President Joe Biden is expected to designate a new national monument Tuesday to commemorate the brutal lynching of Emmett Till in the 1950s, with the White House framing the symbolic act as part of a fight against resurgence in racism.
The monument, located in several locations, will remember the 14-year-old black boy tortured and murdered by white men in 1955 after he allegedly stalked the wife of a white shopkeeper in Mississippi.
His mother Mamie Till-Mobley, also honored in the memorial, became an activist and is widely considered to have helped spark the American civil rights movement.
“The new monument will protect places that tell the story of Emmett Till’s all-too-short life and racially motivated murder, the unjust acquittal of his killers, and the activism of his mother, Mamie Till-Mobley, who bravely brought the brutal injustices and racism of the time to world attention, catalyzing the civil rights movement,” the White House said.
The memorial signing by Biden — on the 82nd anniversary of Till’s birth — will designate three historic sites in Illinois and Mississippi.
One will be the Roberts Temple Church of God in Christ in Chicago, where Till’s mother insisted at her son’s funeral that the casket be left open, allowing a huge crowd to view the boy’s disfigured body.
Another will be the courthouse in Tallahatchie, Mississippi, where an all-white jury found the men charged with Till’s murder not guilty. They would later admit to the crime.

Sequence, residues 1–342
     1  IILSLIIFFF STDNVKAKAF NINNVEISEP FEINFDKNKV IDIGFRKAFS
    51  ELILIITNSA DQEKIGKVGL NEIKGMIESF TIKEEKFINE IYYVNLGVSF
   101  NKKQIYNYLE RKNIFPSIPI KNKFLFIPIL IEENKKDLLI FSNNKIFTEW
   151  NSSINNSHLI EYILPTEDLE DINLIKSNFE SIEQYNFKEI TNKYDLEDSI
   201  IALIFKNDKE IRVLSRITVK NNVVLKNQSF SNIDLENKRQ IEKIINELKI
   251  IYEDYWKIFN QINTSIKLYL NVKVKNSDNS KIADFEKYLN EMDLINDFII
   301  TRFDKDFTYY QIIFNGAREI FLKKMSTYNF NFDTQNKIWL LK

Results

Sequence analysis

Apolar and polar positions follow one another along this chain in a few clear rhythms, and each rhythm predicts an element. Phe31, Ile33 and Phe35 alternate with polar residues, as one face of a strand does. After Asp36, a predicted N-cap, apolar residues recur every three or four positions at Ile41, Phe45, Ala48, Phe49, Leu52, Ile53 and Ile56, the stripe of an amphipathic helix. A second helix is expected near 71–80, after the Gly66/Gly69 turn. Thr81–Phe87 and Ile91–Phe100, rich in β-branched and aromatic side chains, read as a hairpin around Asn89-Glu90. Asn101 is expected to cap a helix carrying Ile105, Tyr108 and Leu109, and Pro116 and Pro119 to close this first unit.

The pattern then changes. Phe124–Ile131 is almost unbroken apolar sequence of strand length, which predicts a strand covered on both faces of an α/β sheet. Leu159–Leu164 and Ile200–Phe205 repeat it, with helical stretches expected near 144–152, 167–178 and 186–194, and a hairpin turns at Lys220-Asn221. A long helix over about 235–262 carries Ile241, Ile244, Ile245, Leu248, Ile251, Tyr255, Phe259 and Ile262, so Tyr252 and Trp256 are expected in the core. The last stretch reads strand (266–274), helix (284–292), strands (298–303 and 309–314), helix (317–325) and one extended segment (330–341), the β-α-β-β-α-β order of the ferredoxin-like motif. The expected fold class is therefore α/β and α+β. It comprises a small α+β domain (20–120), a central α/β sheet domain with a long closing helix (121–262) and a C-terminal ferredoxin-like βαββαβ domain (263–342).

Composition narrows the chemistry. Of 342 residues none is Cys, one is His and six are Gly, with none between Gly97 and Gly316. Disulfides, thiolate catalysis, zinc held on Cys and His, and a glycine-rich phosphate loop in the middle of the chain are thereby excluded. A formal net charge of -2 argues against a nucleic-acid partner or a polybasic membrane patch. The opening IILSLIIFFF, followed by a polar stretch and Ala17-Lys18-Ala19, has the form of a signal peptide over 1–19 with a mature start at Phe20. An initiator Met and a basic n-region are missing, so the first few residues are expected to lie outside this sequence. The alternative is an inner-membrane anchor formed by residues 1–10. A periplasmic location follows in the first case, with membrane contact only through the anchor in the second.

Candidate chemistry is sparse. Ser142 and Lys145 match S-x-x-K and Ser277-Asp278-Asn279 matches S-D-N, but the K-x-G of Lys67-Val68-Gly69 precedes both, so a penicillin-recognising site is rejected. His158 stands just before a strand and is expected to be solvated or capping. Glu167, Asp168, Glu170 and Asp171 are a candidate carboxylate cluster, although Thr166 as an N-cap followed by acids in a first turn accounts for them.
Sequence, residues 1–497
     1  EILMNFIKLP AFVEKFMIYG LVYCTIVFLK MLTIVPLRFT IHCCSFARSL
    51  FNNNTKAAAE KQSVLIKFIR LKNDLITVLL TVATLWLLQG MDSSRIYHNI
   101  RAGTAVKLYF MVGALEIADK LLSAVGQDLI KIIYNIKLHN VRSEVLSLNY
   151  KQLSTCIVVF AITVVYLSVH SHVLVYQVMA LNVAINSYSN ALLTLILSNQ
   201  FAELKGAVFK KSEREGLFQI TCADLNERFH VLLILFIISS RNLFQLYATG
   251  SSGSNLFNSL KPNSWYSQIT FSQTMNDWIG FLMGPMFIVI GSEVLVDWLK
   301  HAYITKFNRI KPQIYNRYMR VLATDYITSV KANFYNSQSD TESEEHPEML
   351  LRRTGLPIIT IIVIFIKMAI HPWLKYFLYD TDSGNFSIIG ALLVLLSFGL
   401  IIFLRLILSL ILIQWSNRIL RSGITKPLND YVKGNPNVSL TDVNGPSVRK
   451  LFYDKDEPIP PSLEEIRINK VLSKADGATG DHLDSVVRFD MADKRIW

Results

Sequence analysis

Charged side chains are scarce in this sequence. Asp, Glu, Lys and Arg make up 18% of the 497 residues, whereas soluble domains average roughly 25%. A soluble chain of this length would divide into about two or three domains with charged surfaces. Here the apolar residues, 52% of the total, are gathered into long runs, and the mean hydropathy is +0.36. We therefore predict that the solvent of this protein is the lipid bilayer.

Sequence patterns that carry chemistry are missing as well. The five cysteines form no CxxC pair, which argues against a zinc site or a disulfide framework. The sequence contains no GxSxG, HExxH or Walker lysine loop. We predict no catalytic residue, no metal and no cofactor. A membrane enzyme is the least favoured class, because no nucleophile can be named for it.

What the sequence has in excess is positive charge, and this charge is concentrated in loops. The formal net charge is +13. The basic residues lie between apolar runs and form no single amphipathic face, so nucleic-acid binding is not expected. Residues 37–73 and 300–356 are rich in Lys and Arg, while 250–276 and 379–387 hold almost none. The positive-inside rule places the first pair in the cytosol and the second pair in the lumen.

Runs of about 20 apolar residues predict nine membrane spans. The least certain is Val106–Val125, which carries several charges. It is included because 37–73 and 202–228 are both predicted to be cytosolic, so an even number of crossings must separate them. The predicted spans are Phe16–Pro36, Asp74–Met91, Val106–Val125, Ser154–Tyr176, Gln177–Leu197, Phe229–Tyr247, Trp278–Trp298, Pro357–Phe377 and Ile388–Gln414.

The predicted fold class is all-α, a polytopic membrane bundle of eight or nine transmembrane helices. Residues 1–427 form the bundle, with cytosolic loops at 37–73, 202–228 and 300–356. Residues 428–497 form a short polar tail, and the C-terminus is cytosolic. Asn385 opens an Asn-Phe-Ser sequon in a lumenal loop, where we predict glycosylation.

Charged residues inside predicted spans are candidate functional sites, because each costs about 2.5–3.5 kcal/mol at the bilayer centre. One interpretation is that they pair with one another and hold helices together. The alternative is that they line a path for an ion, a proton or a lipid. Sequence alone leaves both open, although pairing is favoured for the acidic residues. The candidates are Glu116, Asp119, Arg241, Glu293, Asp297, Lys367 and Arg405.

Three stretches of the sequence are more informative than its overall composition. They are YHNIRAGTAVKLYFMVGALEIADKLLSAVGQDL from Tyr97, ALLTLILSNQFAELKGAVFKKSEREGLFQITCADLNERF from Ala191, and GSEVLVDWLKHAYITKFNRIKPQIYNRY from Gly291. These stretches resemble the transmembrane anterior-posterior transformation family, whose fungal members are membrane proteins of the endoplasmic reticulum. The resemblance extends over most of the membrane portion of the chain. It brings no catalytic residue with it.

The third location will be the spot on the Tallahatchie River in Mississippi where Till’s battered body was eventually discovered. Signs commemorating the brutal event there and other locations in Tallahatchie County have been repeatedly defaced and vandalized over the years.
Biden’s high-profile treatment of a painful piece of 20th-century American history unfolds against the backdrop of accusations that a top Republican candidate for the 2024 presidential race is openly stoking racist sentiment.
Florida Governor Ron DeSantis has led a charge to downplay the history of past racism in his state’s school curriculum, making it part of a larger campaign against what he describes as the “virus” of “woke” left-wing values.
Responding to an outcry over what has been described as an attempt to rewrite history, DeSantis doubled down last week, saying slavery even had benefits.
“They’re probably going to show some of the people who eventually made it, you know, to blacksmith to do things later in life,” DeSantis said on Friday.
White House press secretary Karine Jean-Pierre called DeSantis’ comment “inaccurate” and “insulting.”
“It’s hurtful and prevents an honest narrative, an honest telling of our nation’s history,” she said.
Jean-Pierre, who is black, said Emmett Till’s monument was part of “the larger story of the oppression of black Americans, their survival.”
“This is an important moment. You are going to hear directly from the president tomorrow,” she said.